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By Vince Angelo C. Ferreras
THE House of Representatives on Monday approved on third and final reading a bill reviving the Reserve Officers Training Corps (ROTC) for senior high school students.
House Bill 8961 is a consolidated version based on the bill authored and filed by Batangas 2nd District Rep. Raneo E. Abu.
The chamber approved the bill with 167 affirmative votes, four negative votes, and zero abstention.
In the proposed Reserve Officers Training Corps Act, students in grades 11 and 12, in both public and private schools, are required to undergo the said training.
The ROTC program includes lesson in patriotism, basic military training, and civic training.
Students who fail to undergo ROTC shall not be qualified for graduation.
Exempted, however, are students who are physically and psychologically unfit, as well as varsity players.
The proposed law also states that students who have undergone basic ROTC class are to be considered first-level civil-service eligible. Those who have undergone the optional advanced class shall be deemed second-level civil-service eligible.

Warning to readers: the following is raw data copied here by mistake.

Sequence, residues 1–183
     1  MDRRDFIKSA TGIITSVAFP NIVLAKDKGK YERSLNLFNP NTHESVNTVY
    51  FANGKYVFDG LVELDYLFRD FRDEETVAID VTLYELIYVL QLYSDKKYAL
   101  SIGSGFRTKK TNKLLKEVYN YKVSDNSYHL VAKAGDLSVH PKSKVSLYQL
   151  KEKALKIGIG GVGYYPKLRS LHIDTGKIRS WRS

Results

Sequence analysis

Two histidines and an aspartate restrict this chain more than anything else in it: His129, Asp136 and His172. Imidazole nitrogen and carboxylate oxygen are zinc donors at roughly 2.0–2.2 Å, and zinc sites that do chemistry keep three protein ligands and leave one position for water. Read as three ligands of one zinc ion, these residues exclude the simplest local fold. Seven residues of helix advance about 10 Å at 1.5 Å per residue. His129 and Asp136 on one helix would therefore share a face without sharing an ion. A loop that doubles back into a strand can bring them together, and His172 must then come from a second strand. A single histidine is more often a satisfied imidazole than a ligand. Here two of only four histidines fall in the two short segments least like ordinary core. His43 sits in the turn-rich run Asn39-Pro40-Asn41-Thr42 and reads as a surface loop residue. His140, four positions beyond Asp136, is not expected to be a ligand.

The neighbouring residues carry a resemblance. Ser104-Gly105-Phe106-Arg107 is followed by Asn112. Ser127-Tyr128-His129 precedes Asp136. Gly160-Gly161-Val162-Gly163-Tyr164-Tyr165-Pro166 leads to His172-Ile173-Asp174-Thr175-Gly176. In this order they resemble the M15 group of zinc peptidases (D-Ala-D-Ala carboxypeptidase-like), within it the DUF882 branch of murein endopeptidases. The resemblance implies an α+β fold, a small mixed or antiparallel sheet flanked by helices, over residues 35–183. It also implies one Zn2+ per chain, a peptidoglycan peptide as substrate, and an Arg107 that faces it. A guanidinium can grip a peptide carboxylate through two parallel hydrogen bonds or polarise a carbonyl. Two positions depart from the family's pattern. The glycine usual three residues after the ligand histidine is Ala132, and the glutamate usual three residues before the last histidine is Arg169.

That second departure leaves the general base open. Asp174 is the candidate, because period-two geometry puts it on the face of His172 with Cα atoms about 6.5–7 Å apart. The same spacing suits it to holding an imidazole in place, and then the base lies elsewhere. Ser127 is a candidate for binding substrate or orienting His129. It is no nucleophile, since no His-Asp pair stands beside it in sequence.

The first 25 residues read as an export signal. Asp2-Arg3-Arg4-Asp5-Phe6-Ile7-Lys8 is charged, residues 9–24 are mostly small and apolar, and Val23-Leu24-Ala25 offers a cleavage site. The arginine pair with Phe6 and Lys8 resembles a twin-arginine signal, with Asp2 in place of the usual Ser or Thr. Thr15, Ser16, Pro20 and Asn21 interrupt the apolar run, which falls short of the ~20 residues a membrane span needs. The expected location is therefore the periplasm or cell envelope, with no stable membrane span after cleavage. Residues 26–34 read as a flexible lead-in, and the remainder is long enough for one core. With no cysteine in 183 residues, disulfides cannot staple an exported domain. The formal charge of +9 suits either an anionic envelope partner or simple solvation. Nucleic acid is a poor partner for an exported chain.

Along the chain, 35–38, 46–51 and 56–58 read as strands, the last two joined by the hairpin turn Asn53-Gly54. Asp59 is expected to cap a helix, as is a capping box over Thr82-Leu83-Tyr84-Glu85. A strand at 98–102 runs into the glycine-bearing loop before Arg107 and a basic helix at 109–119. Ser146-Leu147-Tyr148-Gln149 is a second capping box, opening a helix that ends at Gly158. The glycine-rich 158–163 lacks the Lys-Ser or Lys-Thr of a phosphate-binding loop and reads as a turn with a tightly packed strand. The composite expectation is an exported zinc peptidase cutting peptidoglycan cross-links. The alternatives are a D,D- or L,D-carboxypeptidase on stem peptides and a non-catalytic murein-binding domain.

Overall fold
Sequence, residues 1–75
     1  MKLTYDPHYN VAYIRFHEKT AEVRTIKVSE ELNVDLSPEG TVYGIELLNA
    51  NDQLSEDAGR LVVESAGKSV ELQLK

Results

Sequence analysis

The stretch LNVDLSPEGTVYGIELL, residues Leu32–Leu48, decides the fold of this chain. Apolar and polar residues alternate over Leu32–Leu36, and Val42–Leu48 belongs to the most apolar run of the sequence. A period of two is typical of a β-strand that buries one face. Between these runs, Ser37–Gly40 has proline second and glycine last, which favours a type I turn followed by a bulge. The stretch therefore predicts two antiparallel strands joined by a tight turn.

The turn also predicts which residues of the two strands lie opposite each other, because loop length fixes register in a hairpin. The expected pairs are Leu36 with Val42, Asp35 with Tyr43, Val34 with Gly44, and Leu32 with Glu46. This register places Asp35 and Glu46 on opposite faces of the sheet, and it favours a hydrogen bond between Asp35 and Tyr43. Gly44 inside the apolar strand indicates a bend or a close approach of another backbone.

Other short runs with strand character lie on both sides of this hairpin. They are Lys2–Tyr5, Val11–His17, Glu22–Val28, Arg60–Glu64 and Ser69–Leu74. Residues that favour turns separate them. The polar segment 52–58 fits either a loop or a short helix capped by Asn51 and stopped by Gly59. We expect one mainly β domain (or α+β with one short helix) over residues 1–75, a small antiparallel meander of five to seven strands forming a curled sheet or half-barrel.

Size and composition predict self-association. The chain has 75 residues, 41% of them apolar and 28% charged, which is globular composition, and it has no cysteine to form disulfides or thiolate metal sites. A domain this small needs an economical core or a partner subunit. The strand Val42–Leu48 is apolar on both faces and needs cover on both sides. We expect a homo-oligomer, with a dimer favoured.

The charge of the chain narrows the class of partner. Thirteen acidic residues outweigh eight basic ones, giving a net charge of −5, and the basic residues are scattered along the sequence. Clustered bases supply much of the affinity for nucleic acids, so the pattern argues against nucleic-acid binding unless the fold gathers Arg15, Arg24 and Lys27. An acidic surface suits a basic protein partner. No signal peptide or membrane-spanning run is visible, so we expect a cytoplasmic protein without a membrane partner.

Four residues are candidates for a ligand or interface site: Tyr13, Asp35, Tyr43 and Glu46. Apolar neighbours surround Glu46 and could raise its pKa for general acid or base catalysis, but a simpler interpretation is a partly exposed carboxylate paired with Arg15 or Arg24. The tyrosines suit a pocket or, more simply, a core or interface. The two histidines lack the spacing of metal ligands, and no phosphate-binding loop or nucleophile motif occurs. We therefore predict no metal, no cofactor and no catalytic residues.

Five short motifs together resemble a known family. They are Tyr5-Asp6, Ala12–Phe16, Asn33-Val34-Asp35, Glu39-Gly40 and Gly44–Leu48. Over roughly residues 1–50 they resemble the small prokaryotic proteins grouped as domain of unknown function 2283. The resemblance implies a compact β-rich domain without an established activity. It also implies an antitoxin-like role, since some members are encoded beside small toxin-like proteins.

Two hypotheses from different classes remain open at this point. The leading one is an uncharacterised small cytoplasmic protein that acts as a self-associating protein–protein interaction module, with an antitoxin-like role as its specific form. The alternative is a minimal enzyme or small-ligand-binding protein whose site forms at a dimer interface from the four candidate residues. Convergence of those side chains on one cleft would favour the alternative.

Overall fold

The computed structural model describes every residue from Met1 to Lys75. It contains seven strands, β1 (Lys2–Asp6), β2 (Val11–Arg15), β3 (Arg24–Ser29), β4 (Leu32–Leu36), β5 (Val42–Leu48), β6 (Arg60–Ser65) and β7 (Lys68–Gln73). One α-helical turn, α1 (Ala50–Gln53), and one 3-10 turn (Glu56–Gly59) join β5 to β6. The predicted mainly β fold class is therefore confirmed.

Graduates of the basic ROTC class are also eligible for lateral entry and enlistment to the Armed Forces of the Philippines, Philippine National Police, Coast Guard, Bureau of Jail Management and Penology, and Bureau of Fire Protection.
Kabataan Party-list Rep. Sarah I. Elego, one of four lawmakers who voted against the bill, said in a statement: “These policies, if enacted, would only legitimize the systemic attacks the state has undertaken against those critical of its administration. Numerous campaigns led by the Armed Forces of the Philippines and the Philippine National Police were launched to create false hysteria within universities by resorting to the red-tagging of nationalist and progressive groups falsely accused as recruiters and members of the New Peoples’ Army.”